There are strict guidelines for making baby food, which turned out to be the biggest challenge in Robinson’s journey as an entrepreneur. Robinson didn’t anticipate everything she’d have to learn about inspections and having employees who are certified in food handling. She found support, advice and a place to cook at Your Commercial Kitchen, Inc., located on South Campbell Avenue in Springfield. Having a licensed and inspected kitchen to rent is critical for start-ups, says Robinson. "As a small business, your costs have to be minimal. I can’t afford to own a kitchen, just starting out."
That’s the idea behind Your Commercial Kitchen, says owner Carol Muldrow. Provide businesses a place to make their product without the expense of buying all the equipment. "We give them pretty much everything, except their ingredients," says Muldrow. The facility provides refrigeration, freezer space, locked pantries and 24-7 access. Businesses owners reserve the kitchen and pay for just the time they use
Muldrow always wanted to be a chef but never had the opportunity. Now she’s helping great local chefs and entrepreneurs sell their product and sometimes move into their own brick and mortar restaurants. If you have a special recipe for bread or pie, you can make it at Your Commercial Kitchen, sell it and save money. Then you can decide if you’re going to quit your day job. Muldrow proudly says, "We give people a chance to do what they love.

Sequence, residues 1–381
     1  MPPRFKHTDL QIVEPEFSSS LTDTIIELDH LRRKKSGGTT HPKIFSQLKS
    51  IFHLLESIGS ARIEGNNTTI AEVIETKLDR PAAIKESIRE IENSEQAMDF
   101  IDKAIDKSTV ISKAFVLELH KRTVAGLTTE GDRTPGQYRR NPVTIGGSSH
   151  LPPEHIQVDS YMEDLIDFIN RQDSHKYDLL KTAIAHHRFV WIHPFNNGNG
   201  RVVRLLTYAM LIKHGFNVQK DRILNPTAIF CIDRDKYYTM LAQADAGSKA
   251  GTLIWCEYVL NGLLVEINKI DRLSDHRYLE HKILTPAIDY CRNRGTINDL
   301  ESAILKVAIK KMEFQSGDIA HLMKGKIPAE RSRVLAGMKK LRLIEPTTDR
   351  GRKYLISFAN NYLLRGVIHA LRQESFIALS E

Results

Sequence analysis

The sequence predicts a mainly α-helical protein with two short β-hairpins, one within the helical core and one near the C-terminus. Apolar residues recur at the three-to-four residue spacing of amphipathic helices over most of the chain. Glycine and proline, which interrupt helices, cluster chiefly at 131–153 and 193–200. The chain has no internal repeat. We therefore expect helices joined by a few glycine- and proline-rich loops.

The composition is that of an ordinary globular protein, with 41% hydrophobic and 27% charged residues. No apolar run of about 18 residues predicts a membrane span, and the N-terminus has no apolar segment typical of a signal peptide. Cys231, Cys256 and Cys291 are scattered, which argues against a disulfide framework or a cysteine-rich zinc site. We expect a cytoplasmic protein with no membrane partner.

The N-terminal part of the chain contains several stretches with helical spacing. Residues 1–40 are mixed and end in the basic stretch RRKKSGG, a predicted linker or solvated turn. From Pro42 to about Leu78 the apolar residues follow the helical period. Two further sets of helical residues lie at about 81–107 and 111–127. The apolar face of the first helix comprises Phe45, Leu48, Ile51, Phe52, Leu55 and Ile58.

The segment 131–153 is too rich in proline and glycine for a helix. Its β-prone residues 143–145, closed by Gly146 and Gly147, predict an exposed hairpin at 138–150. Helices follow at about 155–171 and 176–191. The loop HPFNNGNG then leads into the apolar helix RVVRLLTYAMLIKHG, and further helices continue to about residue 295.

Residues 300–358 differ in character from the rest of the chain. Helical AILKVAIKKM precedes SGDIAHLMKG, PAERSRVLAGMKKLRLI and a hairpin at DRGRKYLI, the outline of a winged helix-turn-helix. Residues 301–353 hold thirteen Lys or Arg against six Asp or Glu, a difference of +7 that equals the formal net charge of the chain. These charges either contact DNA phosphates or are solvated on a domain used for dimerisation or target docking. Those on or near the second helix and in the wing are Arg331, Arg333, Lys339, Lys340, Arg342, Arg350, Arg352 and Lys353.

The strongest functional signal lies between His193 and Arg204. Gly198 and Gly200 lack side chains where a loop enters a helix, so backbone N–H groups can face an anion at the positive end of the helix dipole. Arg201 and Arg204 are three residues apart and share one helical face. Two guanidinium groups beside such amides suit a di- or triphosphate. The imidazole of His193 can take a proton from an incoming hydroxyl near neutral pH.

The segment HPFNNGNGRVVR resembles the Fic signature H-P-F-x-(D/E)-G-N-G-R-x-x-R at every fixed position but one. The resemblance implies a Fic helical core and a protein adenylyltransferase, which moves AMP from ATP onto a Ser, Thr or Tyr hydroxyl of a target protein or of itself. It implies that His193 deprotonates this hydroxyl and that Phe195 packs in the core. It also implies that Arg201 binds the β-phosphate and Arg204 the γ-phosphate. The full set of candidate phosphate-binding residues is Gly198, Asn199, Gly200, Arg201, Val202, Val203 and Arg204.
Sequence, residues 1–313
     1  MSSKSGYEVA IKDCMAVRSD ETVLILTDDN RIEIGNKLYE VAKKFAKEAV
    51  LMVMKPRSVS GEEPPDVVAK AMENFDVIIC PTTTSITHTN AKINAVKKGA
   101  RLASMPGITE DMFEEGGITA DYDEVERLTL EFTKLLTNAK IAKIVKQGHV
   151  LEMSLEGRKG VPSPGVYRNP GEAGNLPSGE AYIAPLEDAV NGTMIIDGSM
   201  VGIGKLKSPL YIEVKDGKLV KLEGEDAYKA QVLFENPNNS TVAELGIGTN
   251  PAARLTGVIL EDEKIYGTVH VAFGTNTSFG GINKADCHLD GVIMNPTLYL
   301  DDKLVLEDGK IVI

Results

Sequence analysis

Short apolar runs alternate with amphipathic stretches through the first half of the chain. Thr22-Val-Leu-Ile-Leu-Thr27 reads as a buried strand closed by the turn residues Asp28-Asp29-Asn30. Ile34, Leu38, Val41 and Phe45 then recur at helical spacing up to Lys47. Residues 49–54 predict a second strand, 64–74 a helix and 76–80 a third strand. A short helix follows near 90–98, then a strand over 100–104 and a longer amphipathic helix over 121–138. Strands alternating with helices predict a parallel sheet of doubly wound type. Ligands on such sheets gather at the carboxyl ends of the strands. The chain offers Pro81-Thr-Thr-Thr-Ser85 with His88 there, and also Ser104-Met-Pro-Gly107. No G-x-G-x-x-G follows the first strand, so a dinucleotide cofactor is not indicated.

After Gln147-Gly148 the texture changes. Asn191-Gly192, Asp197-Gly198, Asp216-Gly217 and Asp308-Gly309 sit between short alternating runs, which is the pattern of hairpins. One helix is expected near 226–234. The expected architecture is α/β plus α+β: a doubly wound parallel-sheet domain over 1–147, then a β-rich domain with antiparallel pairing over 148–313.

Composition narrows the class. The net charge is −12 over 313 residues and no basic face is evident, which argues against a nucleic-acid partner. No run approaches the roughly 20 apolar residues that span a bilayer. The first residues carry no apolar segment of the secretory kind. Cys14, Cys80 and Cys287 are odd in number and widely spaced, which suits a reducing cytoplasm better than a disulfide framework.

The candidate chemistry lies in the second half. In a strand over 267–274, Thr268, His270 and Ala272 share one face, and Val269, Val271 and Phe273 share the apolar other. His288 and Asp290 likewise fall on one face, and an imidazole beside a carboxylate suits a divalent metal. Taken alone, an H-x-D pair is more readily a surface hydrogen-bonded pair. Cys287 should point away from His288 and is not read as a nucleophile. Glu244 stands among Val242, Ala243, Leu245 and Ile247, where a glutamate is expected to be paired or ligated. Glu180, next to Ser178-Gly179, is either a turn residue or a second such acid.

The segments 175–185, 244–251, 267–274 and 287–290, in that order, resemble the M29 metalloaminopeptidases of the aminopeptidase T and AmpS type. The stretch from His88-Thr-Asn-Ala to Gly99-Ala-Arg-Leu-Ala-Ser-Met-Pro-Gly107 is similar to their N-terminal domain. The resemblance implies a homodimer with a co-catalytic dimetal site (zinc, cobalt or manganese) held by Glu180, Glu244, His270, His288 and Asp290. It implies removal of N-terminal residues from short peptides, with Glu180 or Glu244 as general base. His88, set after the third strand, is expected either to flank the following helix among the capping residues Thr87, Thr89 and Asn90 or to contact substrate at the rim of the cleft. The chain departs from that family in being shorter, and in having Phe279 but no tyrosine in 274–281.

Robinson is doing what she loves, which is not only making healthy baby food, but being involved with the community and furthering local growers by using their products. "It has to be something you love, otherwise it’s not worth it," says Robinson. Judging by the care she takes to create those colorful squares of goodness, she feels it’s worth it.
Stage one "Oh My Squash"
One Butternut or Kabocha Squash
Preheat oven to 350 Degrees. Rinse squash. Cut squash down the center and scrape out the seeds. Place squash face down on baking pan. Add ¼" water to the pan. Bake about 45 min or until fork tender. Let cool. Scrape contents of squash out of the skin and place into blender or food processor. Add water while blending to make smooth consistency. Distribute puree into ice cube trays and freeze for future use.
Zucchini Bread Mini Muffins
3/4 cup brown sugar
3/4 cup canola oil
3 cups zucchini (finely grated)
2 cups whole wheat flour
1 cup unbleached flour
1 tsp baking soda
1/4 tsp baking powder
3 tsp cinnamon
1/4 cup wheat germ or ground flaxseed
Mix eggs, sugar, and oil until creamy. Add zucchini. Mix flour, baking soda, baking powder, cinnamon and flax in separate bowl. Slowly add dry ingredients into wet ingredients until moistened.
Bake in preheated oven at 350,15-20 minutes for regular muffins or 10-15 minutes for mini muffins
Super Mac & Cheese
1 8oz box brown rice macaroni pasta
2 Tbsp unsalted butter
2 Tbsp brown rice flour
1 1/2 cups warmed milk
1 1/2 cups pureed butternut or kabocha squash
1 cup grated mild cheddar
*Note: this recipe is gluten-free.
In addition to writing for GREENE Magazine, Melissa Adler works for Springfield-Greene County Library District in community relations. For fun, she runs marathons and half marathons. She is a graduate of the University of Missouri.